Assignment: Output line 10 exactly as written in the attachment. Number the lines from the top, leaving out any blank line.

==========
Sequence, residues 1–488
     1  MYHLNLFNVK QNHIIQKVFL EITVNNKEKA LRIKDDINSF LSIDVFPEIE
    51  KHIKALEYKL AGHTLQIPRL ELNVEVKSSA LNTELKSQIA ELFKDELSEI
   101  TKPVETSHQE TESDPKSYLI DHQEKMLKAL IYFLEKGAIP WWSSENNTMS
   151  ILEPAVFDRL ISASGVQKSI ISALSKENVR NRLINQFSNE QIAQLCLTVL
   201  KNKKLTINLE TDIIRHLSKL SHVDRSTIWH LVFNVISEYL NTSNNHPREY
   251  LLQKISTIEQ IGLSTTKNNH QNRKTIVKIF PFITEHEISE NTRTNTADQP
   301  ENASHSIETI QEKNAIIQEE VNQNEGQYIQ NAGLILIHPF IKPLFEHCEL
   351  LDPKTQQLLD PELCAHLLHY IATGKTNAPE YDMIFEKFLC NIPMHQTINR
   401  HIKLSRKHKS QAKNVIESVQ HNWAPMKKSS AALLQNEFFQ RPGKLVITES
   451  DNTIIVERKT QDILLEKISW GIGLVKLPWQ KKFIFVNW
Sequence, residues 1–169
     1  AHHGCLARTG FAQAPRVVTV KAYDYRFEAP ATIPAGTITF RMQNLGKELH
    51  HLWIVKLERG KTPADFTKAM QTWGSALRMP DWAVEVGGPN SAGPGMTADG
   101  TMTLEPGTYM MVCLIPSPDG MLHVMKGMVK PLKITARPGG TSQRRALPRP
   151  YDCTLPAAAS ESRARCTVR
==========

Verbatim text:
   401  HIKLSRKHKS QAKNVIESVQ HNWAPMKKSS AALLQNEFFQ RPGKLVITES